Thirty Years' War. Philip III., however, was gained over by an appeal to his religious feelings, and in January 1620 he undertook to send assistance in men and money to Ferdinand II. Thus Spain was involved in the Thirty Years' War, which had been commenced in 1618 by the revolt of Bohemia against Ferdinand, and the acceptance of the crown by the elector-palatine Frederick V. Spanish troops from Italy aided Tilly to win the battle of the White Hill, and Spinola led an army from the Netherlands against the Palatinate. But the party of peace was still strong in Spain. Frederick V. was the son-in-law of James I., and his complete humiliation would hinder the long-cherished project of a marriage between Prince Charles and the Spanish infanta. The truce with Holland would expire in April 1621, and if the war was to be resumed with the Dutch it was essential to isolate them by concluding the alliance with England. Moreover, the finances of Spain were by no means in a condition to support the extraordinary expenses of a European war. All these considerations pointed to peace, and Philip III. was on the point of recalling Lerma, when he died in March 1621. His reign had not been glorious or advantageous to Spain, but it contrasts favourably with those of his successors. Spanish literature and art, which had received a great impulse from the intercourse with foreign countries under previous rulers, reached their zenith during his lifetime. Three writers have obtained European fame—Cervantes, who produced the immortal Don Quixote between 1605 and 1613, and two of the most fertile of romantic dramatists, Lope de Vega and Calderon. In the domain of art Spain produced two of the greatest masters of the 17th century, Velazquez and Murillo.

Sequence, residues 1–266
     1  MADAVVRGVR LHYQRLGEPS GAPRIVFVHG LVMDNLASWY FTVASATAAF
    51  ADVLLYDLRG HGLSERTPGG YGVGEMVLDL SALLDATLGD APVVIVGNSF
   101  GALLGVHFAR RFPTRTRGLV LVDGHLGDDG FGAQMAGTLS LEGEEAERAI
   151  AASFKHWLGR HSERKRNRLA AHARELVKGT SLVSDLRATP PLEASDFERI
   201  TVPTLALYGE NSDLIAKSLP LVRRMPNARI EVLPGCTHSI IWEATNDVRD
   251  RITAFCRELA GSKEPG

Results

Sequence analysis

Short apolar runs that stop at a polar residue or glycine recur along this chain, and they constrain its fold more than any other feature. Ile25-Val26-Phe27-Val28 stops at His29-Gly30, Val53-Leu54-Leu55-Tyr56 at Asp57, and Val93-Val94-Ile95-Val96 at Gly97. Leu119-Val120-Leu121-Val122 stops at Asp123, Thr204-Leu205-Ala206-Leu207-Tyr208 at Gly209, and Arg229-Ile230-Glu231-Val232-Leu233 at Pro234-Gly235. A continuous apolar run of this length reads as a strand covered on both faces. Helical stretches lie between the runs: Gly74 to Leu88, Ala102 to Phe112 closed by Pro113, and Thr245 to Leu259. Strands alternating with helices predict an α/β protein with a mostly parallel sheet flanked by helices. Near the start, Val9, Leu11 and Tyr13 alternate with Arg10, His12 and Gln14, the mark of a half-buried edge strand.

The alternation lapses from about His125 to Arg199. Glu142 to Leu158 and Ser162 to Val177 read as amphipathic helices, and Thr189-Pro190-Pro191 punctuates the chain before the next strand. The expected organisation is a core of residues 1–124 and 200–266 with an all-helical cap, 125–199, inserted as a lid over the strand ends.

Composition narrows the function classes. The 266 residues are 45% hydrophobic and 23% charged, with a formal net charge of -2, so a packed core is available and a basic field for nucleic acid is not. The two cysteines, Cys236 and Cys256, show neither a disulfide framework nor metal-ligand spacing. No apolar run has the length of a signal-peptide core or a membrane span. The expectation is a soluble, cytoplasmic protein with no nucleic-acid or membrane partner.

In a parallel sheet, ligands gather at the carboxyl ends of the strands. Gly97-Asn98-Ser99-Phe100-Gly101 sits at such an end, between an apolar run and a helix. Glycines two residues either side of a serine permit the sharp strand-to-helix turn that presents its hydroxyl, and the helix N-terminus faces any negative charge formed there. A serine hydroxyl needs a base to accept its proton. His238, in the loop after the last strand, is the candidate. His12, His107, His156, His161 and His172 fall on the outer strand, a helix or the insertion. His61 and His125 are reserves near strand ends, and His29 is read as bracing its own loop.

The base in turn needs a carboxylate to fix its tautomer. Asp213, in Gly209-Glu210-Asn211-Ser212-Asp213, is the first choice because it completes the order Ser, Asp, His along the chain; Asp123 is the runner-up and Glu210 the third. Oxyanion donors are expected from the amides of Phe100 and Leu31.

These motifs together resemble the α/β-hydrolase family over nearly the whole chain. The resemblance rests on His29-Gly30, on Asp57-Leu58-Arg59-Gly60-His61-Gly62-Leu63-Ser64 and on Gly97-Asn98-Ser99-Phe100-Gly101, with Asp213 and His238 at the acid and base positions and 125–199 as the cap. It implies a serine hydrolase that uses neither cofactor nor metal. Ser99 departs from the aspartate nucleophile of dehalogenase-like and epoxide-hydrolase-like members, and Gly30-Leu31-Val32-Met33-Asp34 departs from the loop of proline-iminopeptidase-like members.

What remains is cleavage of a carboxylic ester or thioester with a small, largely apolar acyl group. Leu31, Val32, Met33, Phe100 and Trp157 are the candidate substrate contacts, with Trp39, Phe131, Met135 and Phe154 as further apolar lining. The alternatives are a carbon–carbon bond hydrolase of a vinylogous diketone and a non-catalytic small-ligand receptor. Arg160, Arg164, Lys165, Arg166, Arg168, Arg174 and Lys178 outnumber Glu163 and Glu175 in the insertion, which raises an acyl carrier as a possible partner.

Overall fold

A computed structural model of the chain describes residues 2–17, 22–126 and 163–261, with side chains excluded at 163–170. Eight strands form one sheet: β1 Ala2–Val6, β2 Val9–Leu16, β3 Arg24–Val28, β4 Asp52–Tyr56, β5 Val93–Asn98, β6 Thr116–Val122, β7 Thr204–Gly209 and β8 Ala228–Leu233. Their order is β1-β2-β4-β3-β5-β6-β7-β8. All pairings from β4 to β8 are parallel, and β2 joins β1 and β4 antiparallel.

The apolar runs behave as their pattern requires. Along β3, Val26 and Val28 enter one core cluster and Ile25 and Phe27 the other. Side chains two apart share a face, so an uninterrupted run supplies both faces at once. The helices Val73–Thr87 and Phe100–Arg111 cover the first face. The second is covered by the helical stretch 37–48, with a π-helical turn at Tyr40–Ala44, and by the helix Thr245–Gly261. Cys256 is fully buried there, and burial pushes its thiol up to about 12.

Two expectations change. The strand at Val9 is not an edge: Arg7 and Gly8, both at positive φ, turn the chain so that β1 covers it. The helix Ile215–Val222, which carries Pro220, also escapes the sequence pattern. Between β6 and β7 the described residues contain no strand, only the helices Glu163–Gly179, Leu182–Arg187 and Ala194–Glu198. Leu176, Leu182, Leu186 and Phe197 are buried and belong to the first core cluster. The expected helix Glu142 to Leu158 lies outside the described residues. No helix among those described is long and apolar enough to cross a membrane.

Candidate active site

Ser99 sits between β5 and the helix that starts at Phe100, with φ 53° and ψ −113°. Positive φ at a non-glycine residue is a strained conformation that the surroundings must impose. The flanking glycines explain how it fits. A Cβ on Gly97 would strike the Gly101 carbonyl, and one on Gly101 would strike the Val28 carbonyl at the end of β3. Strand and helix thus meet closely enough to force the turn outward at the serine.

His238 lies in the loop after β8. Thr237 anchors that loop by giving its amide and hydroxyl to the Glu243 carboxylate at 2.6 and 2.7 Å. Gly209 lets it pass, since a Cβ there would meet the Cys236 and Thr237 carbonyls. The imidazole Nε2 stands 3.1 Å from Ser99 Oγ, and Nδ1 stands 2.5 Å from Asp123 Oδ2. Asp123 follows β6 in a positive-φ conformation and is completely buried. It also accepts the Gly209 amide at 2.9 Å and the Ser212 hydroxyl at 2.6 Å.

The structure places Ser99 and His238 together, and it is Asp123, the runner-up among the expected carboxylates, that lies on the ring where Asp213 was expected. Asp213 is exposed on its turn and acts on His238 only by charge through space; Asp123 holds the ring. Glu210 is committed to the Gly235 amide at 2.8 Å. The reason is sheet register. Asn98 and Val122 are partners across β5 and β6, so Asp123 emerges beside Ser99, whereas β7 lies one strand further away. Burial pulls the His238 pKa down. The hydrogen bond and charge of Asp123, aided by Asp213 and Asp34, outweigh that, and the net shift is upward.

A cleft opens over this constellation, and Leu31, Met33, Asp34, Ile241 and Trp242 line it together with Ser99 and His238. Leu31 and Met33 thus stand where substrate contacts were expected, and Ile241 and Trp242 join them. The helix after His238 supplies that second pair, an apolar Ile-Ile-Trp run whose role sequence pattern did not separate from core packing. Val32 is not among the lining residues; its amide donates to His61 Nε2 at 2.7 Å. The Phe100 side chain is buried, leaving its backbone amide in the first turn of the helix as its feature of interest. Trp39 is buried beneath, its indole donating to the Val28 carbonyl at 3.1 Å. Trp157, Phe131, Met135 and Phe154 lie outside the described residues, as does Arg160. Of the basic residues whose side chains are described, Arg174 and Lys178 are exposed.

Phillip IV. The time which Philip III. had spent on his devotions was given by his successor to the more secular pleasures of hunting and the theatre. But Philip IV. shared to the full his father's disinclination to burden himself with the cares of government. The office of first minister was given to Zuniga, the chief advocate of an aggressive policy in the late reign. Lerma and Uzeda were banished from the court. But the chief influence over the administration was exercised from the first by the royal favourite, the count of Olivares, who succeeded to Zuniga's office on the latter's death. Olivares was a man of considerable industry and ability, though his reputation has suffered from the inevitable comparison with his great contemporary and rival, Richelieu. He conceived the plan of restoring Spain to its former greatness by returning to the policy of Philip II., regardless of the change in the internal resources of the country. All ideas of peace were abandoned, and Spain plunged headlong into the European struggle. The truce with the United Provinces was unpopular because the commercial progress of the Dutch was fatal to the trade of the Spanish Netherlands, and Amsterdam had already begun to take the place of Antwerp. The expiration of the truce in April 1621 was followed by an immediate renewal of the war. To make the war successful it was imperative to secure the alliance with England, but this was sacrificed because the emperor insisted upon confiscating the Palatinate, which was conferred upon Maximilian of Bavaria. The match with the Spanish infanta was broken off, and Prince Charles married Henrietta Maria of France. The alienation of England was enough in itself to ensure the ultimate failure of the Dutch War. On the mainland the successive stadtholders, Maurice and Frederick Henry, held their own even against the experienced Spinola, and after the latter's recall in 1629 had a distinct advantage. But it was by sea that the Dutch gained their most conspicuous successes. In 1628 the Spanish treasure-fleet was captured by Admiral Hein, whose booty was estimated at seven millions of guilders. The greater part of Brazil, together with Malacca, Ceylon, Java, and other islands, were conquered by the Dutch sailors. Instead of conquering the northern provinces, Spain had to make great exertions to defend the frontiers of the southern Netherlands.